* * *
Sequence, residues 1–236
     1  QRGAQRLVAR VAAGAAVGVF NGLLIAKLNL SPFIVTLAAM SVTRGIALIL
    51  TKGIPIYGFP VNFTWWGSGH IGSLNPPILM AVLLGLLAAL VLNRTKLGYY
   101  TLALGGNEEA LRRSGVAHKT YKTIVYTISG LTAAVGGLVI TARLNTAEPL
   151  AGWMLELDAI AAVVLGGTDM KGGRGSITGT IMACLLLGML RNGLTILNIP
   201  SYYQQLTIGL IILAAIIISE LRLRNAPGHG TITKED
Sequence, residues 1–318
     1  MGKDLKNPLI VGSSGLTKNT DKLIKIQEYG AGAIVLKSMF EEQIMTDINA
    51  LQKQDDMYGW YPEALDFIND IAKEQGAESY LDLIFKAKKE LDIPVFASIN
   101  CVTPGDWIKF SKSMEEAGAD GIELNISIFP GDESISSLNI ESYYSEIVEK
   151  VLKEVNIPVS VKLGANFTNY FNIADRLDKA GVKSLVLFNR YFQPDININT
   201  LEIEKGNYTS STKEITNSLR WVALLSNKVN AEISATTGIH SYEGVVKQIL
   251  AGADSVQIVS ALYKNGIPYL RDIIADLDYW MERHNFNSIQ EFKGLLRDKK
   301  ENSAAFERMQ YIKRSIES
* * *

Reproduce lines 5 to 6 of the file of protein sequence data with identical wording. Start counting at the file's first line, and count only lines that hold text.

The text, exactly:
   151  AGWMLELDAI AAVVLGGTDM KGGRGSITGT IMACLLLGML RNGLTILNIP
   201  SYYQQLTIGL IILAAIIISE LRLRNAPGHG TITKED